Although our understanding of the etiology of breast cancer has improved, many well-known risk factors are not modifiable and present knowledge has proved insufficient to allow the disease to be overcome. Indeed, incidence and mortality among Japanese women have increased over the past three decades. Here, we review epidemiological evidence from our cohort and case-control studies among Japanese women in comparison with other published findings. Our studies confirm the important role of established factors derived primarily from Western populations, such as menstrual and reproductive factors, anthropometric factors, physical activity, and alcohol intake, in the development of breast cancer. In addition, we provide further evidence to better understand the role of traditional Japanese foods in the etiology of breast cancer. Our cohort study found that a higher intake of isoflavone and higher levels of plasma genistein, but not daidzein, were associated with a decreased risk of breast cancer. Our case-control studies reveal a dose-response pattern for these compounds; specifically, decreased risk as women move from "no" to "moderate" intake and leveling off thereafter. In addition, gene-environment interactions have been revealed in the effects of isoflavones. The evidence reviewed suggests that isoflavone has a protective effect against breast cancer in Asian populations. Conversely, our cohort study did not observe an inverse association between breast cancer risk and the intake of green tea and/or the plasma level of tea polyphenols, but we did find an association between increased risk and active and passive smoking. In conclusion, based on current knowledge, primary prevention according to individual lifestyle modification should focus on alcohol intake, weight control, physical activity, and tobacco smoking.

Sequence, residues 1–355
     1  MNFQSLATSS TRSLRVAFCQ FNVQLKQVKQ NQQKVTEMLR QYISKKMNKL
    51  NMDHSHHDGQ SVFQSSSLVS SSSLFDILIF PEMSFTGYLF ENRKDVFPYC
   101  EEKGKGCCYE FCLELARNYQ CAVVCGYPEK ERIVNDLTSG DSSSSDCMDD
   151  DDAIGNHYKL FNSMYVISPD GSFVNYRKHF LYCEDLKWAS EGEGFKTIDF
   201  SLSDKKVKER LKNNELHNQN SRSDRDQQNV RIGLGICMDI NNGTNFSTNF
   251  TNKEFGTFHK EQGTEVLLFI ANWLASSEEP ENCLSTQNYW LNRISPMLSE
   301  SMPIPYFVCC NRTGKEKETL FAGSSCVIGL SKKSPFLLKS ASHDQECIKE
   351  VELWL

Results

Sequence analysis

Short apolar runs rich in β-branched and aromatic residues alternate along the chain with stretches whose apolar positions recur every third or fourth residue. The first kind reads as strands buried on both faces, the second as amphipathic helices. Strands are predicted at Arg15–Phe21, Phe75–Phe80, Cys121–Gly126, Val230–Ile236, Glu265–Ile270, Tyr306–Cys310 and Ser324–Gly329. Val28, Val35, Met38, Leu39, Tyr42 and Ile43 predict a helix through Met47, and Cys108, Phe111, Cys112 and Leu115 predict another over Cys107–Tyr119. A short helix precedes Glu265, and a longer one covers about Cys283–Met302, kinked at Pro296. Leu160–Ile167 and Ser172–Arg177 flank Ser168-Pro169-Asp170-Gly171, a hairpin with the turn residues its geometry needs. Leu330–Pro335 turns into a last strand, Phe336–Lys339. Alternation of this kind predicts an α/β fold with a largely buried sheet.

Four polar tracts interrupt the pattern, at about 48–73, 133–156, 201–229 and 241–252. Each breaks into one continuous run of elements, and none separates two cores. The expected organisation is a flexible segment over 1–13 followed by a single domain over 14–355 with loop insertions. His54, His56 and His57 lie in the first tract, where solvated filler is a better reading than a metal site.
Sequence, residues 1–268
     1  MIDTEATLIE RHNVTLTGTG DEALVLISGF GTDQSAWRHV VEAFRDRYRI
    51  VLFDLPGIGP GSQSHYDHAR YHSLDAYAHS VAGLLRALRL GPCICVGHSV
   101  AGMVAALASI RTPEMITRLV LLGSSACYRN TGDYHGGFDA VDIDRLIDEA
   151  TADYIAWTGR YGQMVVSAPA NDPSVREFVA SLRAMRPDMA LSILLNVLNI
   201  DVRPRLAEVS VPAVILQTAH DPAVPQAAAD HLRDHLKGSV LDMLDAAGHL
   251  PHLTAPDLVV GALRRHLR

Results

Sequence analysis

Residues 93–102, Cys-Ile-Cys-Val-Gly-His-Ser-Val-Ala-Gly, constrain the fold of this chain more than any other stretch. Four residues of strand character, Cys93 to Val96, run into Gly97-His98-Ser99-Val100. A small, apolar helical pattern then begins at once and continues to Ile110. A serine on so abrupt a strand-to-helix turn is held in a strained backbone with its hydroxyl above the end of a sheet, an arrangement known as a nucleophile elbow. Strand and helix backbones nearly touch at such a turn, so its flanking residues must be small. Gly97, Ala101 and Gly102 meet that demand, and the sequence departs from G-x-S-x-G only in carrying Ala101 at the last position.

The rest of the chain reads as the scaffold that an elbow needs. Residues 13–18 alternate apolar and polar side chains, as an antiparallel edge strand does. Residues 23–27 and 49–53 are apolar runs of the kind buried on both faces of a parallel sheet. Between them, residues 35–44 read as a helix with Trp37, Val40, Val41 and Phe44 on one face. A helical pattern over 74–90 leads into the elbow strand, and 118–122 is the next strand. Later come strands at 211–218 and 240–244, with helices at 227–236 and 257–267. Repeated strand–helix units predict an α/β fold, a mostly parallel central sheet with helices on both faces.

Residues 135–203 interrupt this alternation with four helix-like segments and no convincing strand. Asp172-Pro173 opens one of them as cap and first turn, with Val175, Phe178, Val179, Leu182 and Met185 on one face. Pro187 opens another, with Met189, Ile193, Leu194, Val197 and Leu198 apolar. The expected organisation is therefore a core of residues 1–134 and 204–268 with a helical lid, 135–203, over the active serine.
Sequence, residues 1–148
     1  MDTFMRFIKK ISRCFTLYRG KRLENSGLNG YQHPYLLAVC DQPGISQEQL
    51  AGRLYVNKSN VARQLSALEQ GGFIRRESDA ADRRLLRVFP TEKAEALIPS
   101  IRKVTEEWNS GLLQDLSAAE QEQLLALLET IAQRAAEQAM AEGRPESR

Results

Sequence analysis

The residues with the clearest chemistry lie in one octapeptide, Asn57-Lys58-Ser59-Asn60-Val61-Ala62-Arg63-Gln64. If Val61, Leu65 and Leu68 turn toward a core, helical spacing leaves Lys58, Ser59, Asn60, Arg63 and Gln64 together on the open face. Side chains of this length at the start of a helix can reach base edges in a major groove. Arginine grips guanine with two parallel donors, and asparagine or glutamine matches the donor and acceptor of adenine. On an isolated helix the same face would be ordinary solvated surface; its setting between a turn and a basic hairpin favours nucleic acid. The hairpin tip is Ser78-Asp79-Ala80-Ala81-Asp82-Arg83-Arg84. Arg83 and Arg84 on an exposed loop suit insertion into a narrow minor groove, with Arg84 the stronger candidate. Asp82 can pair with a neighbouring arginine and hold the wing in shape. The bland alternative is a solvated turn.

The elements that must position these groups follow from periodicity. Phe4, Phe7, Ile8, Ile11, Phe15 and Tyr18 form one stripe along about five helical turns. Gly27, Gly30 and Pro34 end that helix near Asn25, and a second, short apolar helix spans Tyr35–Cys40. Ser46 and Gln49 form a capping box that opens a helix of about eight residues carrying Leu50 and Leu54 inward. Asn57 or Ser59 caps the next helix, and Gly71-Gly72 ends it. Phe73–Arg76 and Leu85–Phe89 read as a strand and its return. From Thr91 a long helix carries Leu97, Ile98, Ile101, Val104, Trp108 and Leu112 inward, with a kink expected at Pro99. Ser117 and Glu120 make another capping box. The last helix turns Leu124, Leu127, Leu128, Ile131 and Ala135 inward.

© 2011 Japanese Cancer Association.